Canadian provinces, like their state counterparts, have experienced stagnant recycling rates for a decade. In response, provincial governments are exploring ways to jump start a new era of material recovery and waste diversion. None of the conceptual solutions are more ambitious than those found within a recent law enacted by the Legislative Assembly of the Province of Ontario in June 2016. Nearly six months after Waste Free Ontario Act, (WFOA) attained Royal Assent, we explored its current status and implementation updates at the Canadian Waste to Resource Conference.
WFOA is a mechanism to launch the true legislative initiatives incorporated within it. These additional laws include the Resource Recovery and Circular Economy Act 2016 (RRCEA) and the Waste Diversion Transition Act 2016 (WDTA). The first establishes a supervisory authority with oversight of administration and enforcement. It also suggests a host of programs, goals and objectives for implementation. The latter repeals the longstanding Waste Diversion Act of 2002 and is tasked with developing the mechanisms under which the change from existing policies and programs to those proposed will appear seamless to Ontarians.
The need to revise or repeal the Waste Diversion Act of 2002 was widely supported. Frustrated municipal government officials were screaming for relief from the battle for fair and timely compensation under the Blue Box program. Widely considered as a trade off to thwart deposit legislation on refillable containers, the blue box program was supported by the soft drink industry, who in 1987 seeded the system with $20 million which grew to $45 million when joined by other packagers and retailers. Under the Waste Diversion Act of 2002, these groups promised to pay 50 percent of the net costs of municipal residential curbside recycling collection. On the surface, it sounded like a good deal. Instead, determining the net cost became a contentious process, a problem common to other legislated producer funded programs. Arbitration resulted between the parties.
Dissatisfaction with the blue box program financials, public concern for climate change, and the emerging philosophy fora circular economy set the stage. With liberal leaning legislators in place, the timing was finally right to push for change.
That doesn’t mean passage of WFOA was any less challenging. In fact, two failed attempts preceded the passing of the current legislation. Stakeholders expressed strong views and concerns for the skeletal nature of this enabling legislation. Provincial officials believe the law could establish Ontario as the 21st century leader in North American environmental policy. Groups like the Ontario Waste Management Association (OWMA) are more cautionary. They point to the extensive list of unknowns, which remain to be vetted in a small window of time before other political priorities conflict or cause the abandonment of the regulatory process. Other stakeholders fear the law cannot be implemented effectively, if at all.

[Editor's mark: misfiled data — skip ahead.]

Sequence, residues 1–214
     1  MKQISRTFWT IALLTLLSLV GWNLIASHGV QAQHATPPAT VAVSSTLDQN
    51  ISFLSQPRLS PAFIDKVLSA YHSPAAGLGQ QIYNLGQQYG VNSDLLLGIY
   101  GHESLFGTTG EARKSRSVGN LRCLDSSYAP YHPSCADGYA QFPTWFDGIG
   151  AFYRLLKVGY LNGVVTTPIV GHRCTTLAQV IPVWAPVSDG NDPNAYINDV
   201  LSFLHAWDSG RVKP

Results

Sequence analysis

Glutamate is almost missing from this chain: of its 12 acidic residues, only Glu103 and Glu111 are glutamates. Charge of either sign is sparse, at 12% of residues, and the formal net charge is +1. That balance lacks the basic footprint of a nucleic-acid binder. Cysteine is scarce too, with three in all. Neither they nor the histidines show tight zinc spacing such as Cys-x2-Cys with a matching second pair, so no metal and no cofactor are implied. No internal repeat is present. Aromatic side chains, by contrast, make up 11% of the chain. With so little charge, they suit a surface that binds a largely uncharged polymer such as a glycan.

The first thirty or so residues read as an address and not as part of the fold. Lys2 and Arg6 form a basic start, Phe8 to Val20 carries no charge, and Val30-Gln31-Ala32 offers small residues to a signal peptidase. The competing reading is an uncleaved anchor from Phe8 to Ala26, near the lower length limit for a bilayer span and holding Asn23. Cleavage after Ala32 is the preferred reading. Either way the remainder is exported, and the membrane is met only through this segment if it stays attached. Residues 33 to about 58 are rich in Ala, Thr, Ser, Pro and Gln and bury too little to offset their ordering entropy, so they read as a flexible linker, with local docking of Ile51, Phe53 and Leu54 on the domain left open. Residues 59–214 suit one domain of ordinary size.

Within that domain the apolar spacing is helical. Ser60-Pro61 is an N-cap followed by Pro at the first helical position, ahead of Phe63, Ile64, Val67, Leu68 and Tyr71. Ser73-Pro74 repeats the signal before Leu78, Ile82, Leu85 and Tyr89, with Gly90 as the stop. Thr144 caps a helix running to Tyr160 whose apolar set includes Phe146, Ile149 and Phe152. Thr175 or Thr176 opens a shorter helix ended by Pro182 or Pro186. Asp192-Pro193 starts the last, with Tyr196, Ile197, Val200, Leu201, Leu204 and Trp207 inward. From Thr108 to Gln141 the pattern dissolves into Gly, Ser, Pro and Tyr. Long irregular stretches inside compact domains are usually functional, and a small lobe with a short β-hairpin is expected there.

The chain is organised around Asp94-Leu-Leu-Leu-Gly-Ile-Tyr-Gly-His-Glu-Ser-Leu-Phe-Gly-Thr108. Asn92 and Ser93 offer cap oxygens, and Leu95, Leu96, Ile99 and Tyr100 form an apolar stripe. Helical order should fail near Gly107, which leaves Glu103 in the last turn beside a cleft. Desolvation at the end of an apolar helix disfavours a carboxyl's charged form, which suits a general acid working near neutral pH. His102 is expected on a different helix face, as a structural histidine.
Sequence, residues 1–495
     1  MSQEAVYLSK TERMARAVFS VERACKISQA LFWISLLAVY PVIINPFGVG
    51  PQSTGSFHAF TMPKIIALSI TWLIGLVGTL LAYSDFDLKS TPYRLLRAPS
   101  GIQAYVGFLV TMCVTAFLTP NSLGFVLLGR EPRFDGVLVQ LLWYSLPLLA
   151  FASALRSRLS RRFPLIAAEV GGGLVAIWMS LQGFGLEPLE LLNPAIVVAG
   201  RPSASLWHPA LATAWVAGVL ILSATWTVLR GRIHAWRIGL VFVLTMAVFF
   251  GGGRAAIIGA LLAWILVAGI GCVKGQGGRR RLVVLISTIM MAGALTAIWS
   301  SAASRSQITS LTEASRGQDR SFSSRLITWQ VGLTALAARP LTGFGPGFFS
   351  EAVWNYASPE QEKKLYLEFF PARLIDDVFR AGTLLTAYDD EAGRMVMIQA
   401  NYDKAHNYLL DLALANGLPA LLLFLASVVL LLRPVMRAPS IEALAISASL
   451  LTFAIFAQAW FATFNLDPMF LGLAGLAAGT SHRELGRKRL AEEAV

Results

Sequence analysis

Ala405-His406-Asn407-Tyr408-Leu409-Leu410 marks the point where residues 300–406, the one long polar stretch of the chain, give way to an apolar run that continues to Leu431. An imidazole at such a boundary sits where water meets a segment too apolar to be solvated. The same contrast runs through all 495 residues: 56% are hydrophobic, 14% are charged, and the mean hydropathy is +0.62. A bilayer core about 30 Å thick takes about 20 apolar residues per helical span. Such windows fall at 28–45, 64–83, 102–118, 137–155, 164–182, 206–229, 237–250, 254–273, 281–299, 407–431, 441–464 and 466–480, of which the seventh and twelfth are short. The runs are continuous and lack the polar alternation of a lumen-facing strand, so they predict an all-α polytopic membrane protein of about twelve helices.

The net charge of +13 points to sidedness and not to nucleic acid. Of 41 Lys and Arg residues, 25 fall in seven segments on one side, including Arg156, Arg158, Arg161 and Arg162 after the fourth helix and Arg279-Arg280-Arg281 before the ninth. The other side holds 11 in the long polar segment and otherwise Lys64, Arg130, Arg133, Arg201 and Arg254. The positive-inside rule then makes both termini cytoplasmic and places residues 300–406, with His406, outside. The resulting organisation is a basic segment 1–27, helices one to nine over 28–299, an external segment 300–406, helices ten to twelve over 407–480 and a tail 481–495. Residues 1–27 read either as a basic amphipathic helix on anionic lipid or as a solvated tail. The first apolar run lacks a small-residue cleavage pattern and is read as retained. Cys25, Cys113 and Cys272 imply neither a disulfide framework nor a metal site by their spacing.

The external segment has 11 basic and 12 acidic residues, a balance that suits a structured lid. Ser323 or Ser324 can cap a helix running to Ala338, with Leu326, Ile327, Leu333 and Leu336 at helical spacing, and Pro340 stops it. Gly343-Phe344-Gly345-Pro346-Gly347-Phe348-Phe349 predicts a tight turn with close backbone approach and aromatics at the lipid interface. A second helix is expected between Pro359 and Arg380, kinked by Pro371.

One of the major tenets of the legislation is a leap from the previous convoluted 50% monetary reimbursement program toward full producer responsibility for paper and packaging. In addition, programs for other consumer goods like tires, which already have a stewardship system, as well as those yet unmanaged are ultimately expected to be supported by some type of producer funded mechanism. For existing programs, a shift in the organization responsible for overseeing those functions may be the sole change.
Municipalities are hopeful that the new system will cover all of their operating costs without event. Municipal officials, processors and other service providers, however, fear the early service frameworks developed by policy makers are advancing without sufficient input from field experts. Based on the law, producers may act independently, in groups, or negotiate other arrangements to manage their brand/product obligations. The number of potential producers coupled with the freedom to design collection systems for a vast array of materials is what drives successful EPR programs. Without sufficient criteria and constraints, municipal officials warn that inadvertent service disruption and fragmentation could occur. The absence of draft guidance for several transitional elements has heightened these concerns. Collaboration, communication and cooperation between producers, municipalities and service providers could minimize the glitches.
To say WFOA, RRCEA, and WDTA are lacking definition and clarification is an understatement. The vague and abstract language offers broad latitude for development of the programs and policies suggested by law. The words, or lack of words in many instances, only hint at the depth, power and control which could result from overly aggressive regulations. There is also danger that regulations that lack clarity could replicate the problems inherent with the Blue Box reimbursement program. If you are exposed to laws and regulations on a consistent basis, you recognize that ambiguities and unintended consequences commonly occur from poorly or inadequately worded phrases. Still, the critical mass of undefined roles, responsibilities, and financial obligations in WFOA is disquieting.
Even with its growing pains, Waste Free Ontario is a progressive platform for any jurisdiction to consider. Whether it stands as a rock of ages or falls like a house of cards is dependent on keeping things simple, convenient, realistic and understandable.
Michele Nestor is the President of Nestor Resources Inc., based in the Greater Pittsburgh area, and chair of the board of directors, of the Pennsylvania Recycling Markets Center, Penn State, Harrisburg. She helps private and public sector organizations develop strategic plans to survive in a transitioning marketplace.